Can You Apply for an MBA With No GMAT Score?
While the general rule of thumb is that you should take the GMAT exam in order to be considered by admissions officials at reputable business schools, the reality is that there are exceptions to the rule since some business schools will consider applicants whether or not they take the test.
The GMAT exam is a three-and-a-half-hour test that focuses on verbal reasoning, analytical writing, quantitative reasoning, and integrated reasoning, and 2,000+ business schools around the world consider the exam results to determine if candidates are ready for an intense MBA program. Since many business schools require that applicants take the GMAT exam, it makes sense for you to do just that — if only because it will allow you to apply to a broader range of business schools.
However, there are valid reasons to account for why you may decide to skip it, if you have the option, as you try to get into an MBA program.
What follows is a look at reasons why the GMAT exam is not for everyone, a list of some of the business schools that do not make the GMAT exam a requirement, a look at how some of these schools rank, and some food for thought on determining whether or not to take the GMAT exam.
Reasons to Skip GMAT
One of the reasons some business schools don’t require applicants to take the GMAT exam is that there are some questions about whether or not the test results represent an accurate barometer of the applicants’ skills and fitness for business leadership. For instance, if you don’t typically do all that well at standardized tests, you might not achieve a high test score, and that score does not take into account intangibles that you may have such as determination and drive.
Due to some of the perceived shortcomings of the GMAT exam, some business schools will, rather than requiring GMAT exam results, instead consider your undergraduate GPA, your actual business experience, or your attainment of advanced degrees in lieu of the exam score. In such cases, the MBA no GMAT route is very much a live option worth considering..
Schools that Don’t Require GMAT
There are plenty of business schools that will accept applicants who have not taken the GMAT exam. They include the following:
- Ashford University (Forbes)
- Baruch College (Zicklin)
- Boston University
- Brandman University
- Capella University
- DePaul University (Kellstadt)
- DeVry University (Keller Graduate School of Management)
- Florida Institute of Technology
- Grand Canyon University
- Hofstra University (Zarb)
- Lake Forest College
- La Salle University
- Loyola University (Quinlan)
- Loyola University, Maryland (Sellinger)
- Massachusetts Institute of Technology (Sloan)
- New York University (Stern)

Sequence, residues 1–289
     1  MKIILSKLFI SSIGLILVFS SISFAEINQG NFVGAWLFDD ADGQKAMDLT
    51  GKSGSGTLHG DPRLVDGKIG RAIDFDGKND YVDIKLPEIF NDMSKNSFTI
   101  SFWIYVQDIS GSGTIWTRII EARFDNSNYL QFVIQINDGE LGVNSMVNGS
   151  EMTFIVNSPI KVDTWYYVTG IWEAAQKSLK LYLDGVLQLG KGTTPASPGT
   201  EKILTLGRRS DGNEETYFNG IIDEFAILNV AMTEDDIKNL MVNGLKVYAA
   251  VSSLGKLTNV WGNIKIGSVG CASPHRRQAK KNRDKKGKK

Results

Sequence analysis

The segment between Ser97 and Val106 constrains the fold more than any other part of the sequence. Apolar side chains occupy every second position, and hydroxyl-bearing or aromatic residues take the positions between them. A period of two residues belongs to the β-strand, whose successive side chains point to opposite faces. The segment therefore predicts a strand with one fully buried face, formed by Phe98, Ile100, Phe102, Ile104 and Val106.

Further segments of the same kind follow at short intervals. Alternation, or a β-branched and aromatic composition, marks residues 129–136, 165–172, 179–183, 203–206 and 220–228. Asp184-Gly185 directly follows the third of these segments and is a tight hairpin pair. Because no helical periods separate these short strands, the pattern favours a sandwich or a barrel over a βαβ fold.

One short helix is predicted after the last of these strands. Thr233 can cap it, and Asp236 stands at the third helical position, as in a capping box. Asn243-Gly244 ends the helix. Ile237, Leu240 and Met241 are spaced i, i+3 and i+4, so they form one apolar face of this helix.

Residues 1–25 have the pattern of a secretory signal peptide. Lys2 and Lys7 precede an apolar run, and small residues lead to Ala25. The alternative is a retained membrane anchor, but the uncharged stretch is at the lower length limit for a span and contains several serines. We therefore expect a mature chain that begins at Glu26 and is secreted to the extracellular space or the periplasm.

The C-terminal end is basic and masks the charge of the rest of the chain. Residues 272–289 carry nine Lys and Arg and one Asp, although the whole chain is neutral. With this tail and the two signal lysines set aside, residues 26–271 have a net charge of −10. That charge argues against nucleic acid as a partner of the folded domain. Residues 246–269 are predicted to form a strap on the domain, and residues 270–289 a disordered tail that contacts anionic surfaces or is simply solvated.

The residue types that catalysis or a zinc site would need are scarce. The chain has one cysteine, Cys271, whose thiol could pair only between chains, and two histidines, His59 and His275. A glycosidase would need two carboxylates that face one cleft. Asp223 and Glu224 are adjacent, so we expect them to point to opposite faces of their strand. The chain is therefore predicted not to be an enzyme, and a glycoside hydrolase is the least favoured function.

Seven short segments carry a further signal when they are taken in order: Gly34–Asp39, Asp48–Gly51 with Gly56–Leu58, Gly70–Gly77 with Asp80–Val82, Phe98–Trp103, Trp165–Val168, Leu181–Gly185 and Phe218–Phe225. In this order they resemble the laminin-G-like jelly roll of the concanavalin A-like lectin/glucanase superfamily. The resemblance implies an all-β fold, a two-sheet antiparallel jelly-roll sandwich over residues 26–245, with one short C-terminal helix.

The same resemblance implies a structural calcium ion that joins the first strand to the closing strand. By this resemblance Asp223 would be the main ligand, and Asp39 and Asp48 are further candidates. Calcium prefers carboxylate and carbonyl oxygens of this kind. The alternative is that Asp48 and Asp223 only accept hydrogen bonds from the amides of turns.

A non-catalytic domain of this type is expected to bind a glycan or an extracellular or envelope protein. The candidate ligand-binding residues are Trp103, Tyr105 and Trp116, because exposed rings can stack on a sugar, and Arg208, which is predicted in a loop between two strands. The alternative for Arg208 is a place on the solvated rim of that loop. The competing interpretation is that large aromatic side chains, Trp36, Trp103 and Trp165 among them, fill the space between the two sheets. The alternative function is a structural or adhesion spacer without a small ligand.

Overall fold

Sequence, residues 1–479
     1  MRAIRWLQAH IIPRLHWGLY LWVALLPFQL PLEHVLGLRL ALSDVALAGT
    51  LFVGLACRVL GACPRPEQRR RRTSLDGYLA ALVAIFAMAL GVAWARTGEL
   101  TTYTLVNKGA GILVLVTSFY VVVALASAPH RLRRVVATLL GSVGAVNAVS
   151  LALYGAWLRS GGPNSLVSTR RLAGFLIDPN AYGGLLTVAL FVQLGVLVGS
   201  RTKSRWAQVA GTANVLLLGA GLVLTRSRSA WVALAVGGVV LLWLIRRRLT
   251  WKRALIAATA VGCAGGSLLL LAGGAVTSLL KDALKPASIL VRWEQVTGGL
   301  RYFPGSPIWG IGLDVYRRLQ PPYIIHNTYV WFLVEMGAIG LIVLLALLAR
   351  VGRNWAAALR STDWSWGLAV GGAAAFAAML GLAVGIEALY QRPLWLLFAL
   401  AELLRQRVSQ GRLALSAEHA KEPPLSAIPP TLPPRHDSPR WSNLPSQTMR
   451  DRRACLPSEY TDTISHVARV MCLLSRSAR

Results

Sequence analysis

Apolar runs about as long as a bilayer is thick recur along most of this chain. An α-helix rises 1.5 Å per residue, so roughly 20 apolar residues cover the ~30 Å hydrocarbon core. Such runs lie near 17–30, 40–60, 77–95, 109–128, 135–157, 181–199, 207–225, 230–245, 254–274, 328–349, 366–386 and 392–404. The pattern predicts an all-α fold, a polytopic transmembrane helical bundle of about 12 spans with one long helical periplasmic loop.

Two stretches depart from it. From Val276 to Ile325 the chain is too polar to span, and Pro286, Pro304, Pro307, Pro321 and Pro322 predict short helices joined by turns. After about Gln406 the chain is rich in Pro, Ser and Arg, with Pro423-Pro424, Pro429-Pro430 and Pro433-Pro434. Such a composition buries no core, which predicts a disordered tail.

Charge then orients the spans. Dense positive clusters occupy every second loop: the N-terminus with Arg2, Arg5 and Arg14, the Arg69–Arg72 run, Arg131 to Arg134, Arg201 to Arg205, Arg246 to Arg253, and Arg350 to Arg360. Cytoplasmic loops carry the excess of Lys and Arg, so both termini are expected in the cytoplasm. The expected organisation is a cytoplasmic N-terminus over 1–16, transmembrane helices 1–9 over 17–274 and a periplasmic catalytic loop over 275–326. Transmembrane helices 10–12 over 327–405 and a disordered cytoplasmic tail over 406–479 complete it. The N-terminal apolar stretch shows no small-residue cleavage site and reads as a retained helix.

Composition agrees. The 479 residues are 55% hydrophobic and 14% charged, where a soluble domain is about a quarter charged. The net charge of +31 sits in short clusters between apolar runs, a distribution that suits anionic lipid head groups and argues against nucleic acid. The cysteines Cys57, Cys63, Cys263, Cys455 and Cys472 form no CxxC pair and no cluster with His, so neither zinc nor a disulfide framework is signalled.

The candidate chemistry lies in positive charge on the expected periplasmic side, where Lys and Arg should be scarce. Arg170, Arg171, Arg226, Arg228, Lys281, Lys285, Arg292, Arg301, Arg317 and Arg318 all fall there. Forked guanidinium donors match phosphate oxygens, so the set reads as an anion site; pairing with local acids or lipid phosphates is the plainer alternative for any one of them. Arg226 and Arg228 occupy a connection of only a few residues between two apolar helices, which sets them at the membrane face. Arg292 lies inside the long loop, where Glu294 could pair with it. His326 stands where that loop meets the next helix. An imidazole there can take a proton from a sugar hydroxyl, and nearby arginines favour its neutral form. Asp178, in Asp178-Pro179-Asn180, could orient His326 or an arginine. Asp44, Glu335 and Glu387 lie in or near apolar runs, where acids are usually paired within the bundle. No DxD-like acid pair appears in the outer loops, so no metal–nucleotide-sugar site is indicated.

- Northeastern University (Damore-McKim)
- Northwestern University (Kellogg)
- Seton Hall University (Stillman)
- Southern New Hampshire University
- Suffolk University (Sawyer)
- Temple University (Fox)
- University of California, Los Angeles (Anderson)
- University of Chicago (Booth)
- University of Delaware (Lerner)
- University of Maryland, College Park (Robert H. Smith)
- University of Phoenix
- University of Southern California (Marshall)
- Villanova University
- Western Governors University
How They Rank
As can be seen from the list above, there are plenty of reputable business schools that do not require the GMAT exam.
In fact, Forbes’ top-65 list of the best business schools includes a fair number of institutions that do not make the GMAT exam a make-or-break requirement. They include the following:
- Baruch College (Zicklin) – #55
- Boston University – #48
- Hofstra University (Zarb) – #58
- Massachusetts Institute of Technology (Sloan) – #9
- New York University (Stern) – #18
- Northeastern University (Damore-McKim) – #56
- Northwestern University (Kellogg) – #3
- Temple University (Fox) – #64
- University of Chicago (Booth) – #6
- University of Maryland, College Park (Robert H. Smith) – #46
As can be seen, quite a few of these business schools made the list — and three even cracked the top 10. This goes to show that the MBA no GMAT option doesn’t mean having to go to a second-rate business school.
Pros & Cons
It’s interesting to note that one source shows that the GMAT exam does not actually identify who will be best suited to occupy managerial positions post-graduation from business school.
So if you’re wondering if there are pros and cons to going to a business school that does not require the GMAT exam, you should remember that there are top schools that will use other criteria to determine eligibility to enrol into an MBA program.
However, if you wish to enroll into a particular program at a specific school, then whether or not you have to take the GMAT test may depend on the institution’s requirements.
So, yes, it is possible to go the MBA no GMAT route. If you are weighing your options, do yourself a favor by researching the schools that you’d like to attend to ascertain whether or not the enrollment requirements necessitate that you take the GMAT exam.